NHS survey shows staff make a difference to patient care

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25 / 2 / 2014 Midnight

Nine out of ten staff say their role makes a difference to patients, according to the 2013 NHS staff survey results.

NHS England has today published the results of the 2013 NHS staff survey − the largest canvassing of staff opinion in the world − which show that 90.2 per cent of staff said their role makes a difference to patients, and almost two thirds of staff (64.7 per cent)  would recommend their organisation to friends and family as a place to go for treatment.

The results from the 203,000 staff who took part show improvements in 21 out of the 28 categories when compared to the previous year.

Commenting on the NHS Staff Survey, Sue Covill, director of Employment Services for the NHS Employers organisation, said:

"Employers will be encouraged by these results, which come against a backdrop of a challenging year for the NHS.

"Employers know that building staff engagement and pride in the organisation helps deliver high-quality, compassionate care. Staff feeling valued and being valued is absolutely vital to the effective delivery of patient care and we believe it is an important factor behind many of the positive results.

"It is telling that after all the negativity of the NHS during the past year, over 90 per cent of staff said their role makes a difference to patients, with almost seven out of ten able to make a positive difference to service improvements. 

“We are also pleased that employers have worked hard to create a climate where staff feel able to raise concerns. It's been over a year since the second Francis report was published, so it is encouraging that staff have confidence in reporting their concerns and know how to do so.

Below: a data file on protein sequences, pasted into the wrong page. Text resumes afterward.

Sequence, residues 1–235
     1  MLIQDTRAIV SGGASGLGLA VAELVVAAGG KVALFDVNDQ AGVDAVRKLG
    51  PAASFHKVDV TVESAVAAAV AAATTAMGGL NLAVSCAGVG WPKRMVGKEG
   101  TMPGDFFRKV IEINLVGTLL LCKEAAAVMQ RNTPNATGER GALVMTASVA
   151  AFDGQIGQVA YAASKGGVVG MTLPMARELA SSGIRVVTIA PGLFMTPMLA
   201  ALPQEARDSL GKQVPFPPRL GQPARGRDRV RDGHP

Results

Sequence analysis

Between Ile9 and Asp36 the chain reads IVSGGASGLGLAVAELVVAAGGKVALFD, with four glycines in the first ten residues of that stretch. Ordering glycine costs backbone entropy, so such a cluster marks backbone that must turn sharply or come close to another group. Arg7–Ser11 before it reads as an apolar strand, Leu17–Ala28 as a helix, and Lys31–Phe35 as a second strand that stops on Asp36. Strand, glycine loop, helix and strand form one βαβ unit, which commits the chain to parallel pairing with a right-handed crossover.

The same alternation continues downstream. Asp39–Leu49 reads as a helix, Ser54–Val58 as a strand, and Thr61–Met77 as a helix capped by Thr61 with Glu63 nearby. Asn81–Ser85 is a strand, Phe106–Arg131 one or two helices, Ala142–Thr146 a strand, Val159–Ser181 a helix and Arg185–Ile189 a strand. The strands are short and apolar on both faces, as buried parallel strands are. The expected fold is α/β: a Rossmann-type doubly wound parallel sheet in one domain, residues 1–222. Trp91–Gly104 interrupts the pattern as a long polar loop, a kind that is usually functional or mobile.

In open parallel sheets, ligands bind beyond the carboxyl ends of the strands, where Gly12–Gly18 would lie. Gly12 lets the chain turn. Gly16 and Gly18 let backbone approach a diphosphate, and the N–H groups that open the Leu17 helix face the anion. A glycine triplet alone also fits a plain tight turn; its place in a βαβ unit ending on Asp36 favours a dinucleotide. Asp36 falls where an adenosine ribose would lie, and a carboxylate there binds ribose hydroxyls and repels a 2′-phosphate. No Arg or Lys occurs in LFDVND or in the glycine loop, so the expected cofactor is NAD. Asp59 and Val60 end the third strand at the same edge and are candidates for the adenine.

"However, some tough issues remain and employers will be working with their staff to review their local survey results and to focus on further improvements. In particular, abuse and harassment of staff from patients and the public is a concern and more needs to be done to protect staff.

"The research tells us that there are links between the experience of work that our staff have and the experience that their patients have too.  During the past year, there have been several high profile reports  on NHS services, together with significant organisational change, which have provided a challenging environment in which to work. 

“In this context, the results provide reassurance for patients, staff and employers that the NHS is addressing the issues raised and is making progress in so many areas."

Other key statistics from the survey include:

  • 84.3 per cent of staff have received an appraisal, an increase of 1.2 per cent on 2012, and an increase of almost 20 percent (18.3 per cent) since 2007. 
  • 77.8 per cent of staff are satisfied with the quality of work and patient care they are able to deliver, an increase of 0.2 per cent since 2012. 
  • The average score out of 5 for how engaged staff are with the organisation is 3.71, which has increased from 3.68 in 2012. 
  • Almost seven out of 10 staff (68.1 per cent) said in their role they are able to contribute improvements to the organisation, an increase of 0.5 per cent since 2012. 
  • Almost two thirds of staff (64.7 per cent), would recommend their organisation to friends and family for treatment, an increase of 2.1 per cent on the previous year. 
  • 87.4 per cent of staff believe their place of work provides equal opportunities for career progression and promotion.

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